And what did you want?
To call myself beloved, to feel myself
beloved on the earth.
He was in a hotel in Baltimore
in a suburb near Johns Hopkins. He would
give a talk there, and they would pay him for it.
It was night, and he was alone; sirens were racing
up and down the streets. The room was very large.
Most of what he had wished as a boy was to write poems,
to have some power with the word, to be paid
for talking. Don't smile, please. He wanted
to be put in a beautiful room like this.
Bonnie would pick him up in an hour. He saw
out the picture window a few men in trenchcoats
walking toward the parking lot, and beyond that
headlights and taillights on a freeway a mile
or so away. He'd been reading Carver's last book
of poems, reading "Gravy" and the other valedictories.
He remembered Carver a few years before his death,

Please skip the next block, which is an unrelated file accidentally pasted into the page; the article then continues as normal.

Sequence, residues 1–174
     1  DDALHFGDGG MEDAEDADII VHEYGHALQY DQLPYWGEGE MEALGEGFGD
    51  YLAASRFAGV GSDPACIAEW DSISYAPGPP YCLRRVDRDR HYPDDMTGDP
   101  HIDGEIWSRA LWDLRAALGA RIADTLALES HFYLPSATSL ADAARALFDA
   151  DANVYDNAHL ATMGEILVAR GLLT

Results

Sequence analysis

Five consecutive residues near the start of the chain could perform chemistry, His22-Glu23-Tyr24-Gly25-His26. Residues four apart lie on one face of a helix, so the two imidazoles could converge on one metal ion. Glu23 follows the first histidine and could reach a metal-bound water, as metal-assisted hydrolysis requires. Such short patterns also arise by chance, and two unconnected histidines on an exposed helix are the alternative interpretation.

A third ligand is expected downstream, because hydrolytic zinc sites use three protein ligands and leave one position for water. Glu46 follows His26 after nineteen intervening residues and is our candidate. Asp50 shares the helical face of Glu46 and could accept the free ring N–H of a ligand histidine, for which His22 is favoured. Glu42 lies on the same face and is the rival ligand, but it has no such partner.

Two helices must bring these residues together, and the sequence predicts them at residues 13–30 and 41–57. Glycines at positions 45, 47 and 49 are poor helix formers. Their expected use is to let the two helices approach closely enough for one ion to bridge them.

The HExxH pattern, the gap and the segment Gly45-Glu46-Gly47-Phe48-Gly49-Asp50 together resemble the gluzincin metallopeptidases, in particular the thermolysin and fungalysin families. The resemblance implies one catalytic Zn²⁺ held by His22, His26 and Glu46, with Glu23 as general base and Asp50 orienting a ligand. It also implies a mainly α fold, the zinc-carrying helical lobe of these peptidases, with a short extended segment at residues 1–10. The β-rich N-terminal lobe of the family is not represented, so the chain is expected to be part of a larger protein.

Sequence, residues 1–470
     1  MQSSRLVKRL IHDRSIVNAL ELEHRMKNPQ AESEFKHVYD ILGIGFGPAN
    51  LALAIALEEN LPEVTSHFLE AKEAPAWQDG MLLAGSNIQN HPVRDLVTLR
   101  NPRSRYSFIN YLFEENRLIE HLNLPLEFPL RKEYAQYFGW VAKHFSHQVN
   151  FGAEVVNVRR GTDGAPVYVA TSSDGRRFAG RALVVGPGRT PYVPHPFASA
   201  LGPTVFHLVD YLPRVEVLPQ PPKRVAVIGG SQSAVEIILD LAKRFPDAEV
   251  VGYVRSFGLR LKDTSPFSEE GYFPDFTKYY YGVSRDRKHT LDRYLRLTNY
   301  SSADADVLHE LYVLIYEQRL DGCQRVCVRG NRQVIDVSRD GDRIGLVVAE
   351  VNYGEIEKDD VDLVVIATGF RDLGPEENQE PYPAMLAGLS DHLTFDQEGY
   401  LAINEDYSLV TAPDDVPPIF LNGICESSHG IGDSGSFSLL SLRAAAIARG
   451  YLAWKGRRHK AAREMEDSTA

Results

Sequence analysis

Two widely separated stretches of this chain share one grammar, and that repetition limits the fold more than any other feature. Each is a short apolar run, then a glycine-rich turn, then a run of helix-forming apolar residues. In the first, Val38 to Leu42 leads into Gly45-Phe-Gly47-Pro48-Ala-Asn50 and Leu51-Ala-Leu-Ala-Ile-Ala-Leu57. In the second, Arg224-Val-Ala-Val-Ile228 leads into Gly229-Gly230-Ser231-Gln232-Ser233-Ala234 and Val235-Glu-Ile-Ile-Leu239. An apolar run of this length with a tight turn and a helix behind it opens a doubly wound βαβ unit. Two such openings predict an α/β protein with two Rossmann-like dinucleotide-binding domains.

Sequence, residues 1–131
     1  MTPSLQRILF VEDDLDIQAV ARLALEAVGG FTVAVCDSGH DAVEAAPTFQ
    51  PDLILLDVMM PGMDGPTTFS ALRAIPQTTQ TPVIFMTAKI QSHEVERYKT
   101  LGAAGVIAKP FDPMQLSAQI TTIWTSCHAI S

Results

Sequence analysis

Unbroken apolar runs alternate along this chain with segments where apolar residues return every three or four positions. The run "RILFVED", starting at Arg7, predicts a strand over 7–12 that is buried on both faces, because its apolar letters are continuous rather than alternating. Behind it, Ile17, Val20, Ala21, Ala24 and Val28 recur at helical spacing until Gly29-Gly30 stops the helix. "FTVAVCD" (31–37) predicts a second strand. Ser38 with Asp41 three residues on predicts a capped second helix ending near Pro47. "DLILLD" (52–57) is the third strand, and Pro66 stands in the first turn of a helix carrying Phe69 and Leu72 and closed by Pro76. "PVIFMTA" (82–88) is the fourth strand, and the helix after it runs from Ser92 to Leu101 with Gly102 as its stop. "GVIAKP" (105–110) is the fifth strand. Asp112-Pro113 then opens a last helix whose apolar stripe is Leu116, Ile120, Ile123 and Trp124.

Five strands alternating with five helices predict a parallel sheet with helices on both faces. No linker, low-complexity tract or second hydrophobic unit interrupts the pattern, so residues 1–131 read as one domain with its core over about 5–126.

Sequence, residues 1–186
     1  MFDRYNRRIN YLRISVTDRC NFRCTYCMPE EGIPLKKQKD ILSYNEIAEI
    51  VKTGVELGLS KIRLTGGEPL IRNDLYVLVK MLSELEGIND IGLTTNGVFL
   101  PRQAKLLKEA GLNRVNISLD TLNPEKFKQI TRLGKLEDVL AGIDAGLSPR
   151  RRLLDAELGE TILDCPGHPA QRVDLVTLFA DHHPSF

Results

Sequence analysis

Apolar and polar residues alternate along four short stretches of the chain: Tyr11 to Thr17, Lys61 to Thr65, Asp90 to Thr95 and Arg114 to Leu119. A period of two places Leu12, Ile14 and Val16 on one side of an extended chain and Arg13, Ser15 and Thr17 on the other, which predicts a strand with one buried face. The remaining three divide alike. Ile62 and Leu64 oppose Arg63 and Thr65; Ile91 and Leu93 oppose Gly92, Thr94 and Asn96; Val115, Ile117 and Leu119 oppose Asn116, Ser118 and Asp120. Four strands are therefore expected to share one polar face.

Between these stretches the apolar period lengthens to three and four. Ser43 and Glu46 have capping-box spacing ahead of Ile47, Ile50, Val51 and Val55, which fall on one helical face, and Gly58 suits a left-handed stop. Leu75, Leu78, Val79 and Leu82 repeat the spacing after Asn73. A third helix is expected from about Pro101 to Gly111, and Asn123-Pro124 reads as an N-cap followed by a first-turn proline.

kidding about his prosperity, kneeling before his Mercedes
and waving a fistful of dollars, because he was so amazed,
he supposed, to have them, that good man, whose last poems,
written in the knowledge of imminent death, said
love the world, don't grieve overmuch, listen to people.
The beautiful room was a good place to read; he'd finished
the book (for the second time) at the pine desk, where
the indirect white light hurt his eyes. He didn't think
he'd ever be as famous as Carver, but who could tell?
He was sorry the man was dead; there was nothing
he could do about that, but he was sorry for it.
He got up to look out the picture window. He could
see the red spintops of some cops' cars. Other than that
nothing special: in the entrance courtyard a lone cabbie
smoked a cigarette; spotlights shone up through the yellow
foliage of a clump of maples. A few slow crickets.
He had everything he really wanted, he had learned
that friends, like love, couldn't save him.